Embers popped, running and skittering with the wind. To the north she saw other fires speckling the void, and she studied their positions as an astronomer might chart the nighttime heavens.
More to night, she said.
Her father followed her gaze. These is hard times, honey. Ain't nobody hirin. Least not in Hugo, anyways. I was thinkin I might light a shuck for Durant come sunrise. Man said a mill there was lookin for hands. Miz Upchurch could mind you for a day.
I don't need no mindin.
He paused and studied her burnished profile, her cheek and lashes luminous in the fireglow.
Tell you what then. You can mind Miz Upchurch. Haul her water and such. You tell her I'll be back by nightfall.
She wielded a broken twig, tracing random patterns in the dirt. Somewhere beyond the firelight, a car passed on the highway.
Who was that man?
Just a man.
He said he knowed you.
He didn't mean like that. More like my kind is what he meant.
What's your kind?
Her father stirred the skillet, and paused, and stirred it again. He tapped the spoon on the iron rim.
Only the good Lord knows what's in a man's heart, Lottie. Happy is the man who follows not the counsel of the wicked nor walks in the way of sinners. He wiped his nose with his wrist. That there's from Psalms.
She poked her stick into the fire and withdrew it and blew out the flame. Then she wrote a secret in the air, and studied it, and watched it disappear in the ravenous wind.
The sun was two fingers off the horizon by the time she awoke. The wind had stilled and the sky had hardened to a diamond blue the weight of which lay upon her in her blankets like some vast and shoreless ocean.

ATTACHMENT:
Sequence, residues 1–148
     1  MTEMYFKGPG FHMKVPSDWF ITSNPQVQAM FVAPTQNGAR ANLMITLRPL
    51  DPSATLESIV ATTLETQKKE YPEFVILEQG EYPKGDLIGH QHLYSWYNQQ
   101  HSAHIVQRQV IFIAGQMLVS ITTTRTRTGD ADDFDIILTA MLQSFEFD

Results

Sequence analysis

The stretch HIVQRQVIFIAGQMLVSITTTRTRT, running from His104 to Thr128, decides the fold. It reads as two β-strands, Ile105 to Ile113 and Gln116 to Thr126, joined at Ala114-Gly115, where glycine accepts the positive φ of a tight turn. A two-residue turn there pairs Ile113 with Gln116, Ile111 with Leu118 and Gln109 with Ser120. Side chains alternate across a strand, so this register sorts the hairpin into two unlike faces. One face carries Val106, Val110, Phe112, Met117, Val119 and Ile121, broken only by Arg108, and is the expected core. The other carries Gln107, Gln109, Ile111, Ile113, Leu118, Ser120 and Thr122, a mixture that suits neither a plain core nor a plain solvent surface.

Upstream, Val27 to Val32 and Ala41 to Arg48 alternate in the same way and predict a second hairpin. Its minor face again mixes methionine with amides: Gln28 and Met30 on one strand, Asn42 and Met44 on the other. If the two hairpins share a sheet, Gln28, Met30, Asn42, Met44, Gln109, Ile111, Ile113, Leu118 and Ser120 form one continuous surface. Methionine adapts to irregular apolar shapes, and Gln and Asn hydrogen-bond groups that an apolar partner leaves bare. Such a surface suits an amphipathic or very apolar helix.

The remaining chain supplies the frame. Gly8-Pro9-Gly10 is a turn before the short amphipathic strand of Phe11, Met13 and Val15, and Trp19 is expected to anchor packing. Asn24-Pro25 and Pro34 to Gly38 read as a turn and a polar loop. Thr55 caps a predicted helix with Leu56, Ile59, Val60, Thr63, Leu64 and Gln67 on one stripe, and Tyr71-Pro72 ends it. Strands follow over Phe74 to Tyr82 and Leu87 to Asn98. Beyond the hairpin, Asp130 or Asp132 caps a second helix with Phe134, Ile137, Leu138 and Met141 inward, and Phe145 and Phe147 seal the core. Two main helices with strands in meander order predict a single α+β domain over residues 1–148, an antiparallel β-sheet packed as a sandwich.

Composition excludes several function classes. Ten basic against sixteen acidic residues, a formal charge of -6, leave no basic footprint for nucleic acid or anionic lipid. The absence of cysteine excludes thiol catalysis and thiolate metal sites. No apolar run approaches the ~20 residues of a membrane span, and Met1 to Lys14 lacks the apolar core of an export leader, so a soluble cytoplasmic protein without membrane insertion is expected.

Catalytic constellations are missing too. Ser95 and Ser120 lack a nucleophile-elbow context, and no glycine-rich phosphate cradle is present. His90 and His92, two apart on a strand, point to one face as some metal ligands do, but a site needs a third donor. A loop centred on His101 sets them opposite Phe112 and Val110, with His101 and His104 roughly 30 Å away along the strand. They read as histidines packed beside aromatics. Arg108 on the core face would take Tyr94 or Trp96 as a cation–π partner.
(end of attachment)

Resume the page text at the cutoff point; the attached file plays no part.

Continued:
She turned, shielding her eyes with a hand. The white ash of a kindling fire warmed the coffeepot beside her father's bedroll.
She sat up yawning, and then rose to gather some yellowed newsprint from their cache before heading to the creekbed. On her return to the campsite she bent and snapped an aloe spine, spreading the sticky unguent onto her blistered ankle the way the Choctaws did, then she tiptoed back to the fire. There she brushed her hair in long, mea sured strokes, staring out to the north where the night fires had been, but where nothing now stirred.
Among her father's things she found his small leather Bible, and she sat in the shade of the broken house and read from Exodus about the command to the midwives until, setting the book aside, she closed her eyes and touched the slender cross at her throat, praying aloud, Dear Lord, first for her mother's eternal soul, and then for her uncle Mack, and lastly for a Little Buttercup doll with the blue ruffle dress and the matching bonnet with genuine lace trim, her head bowed as she spoke the words, her voice a tin voice in the still and wilted air.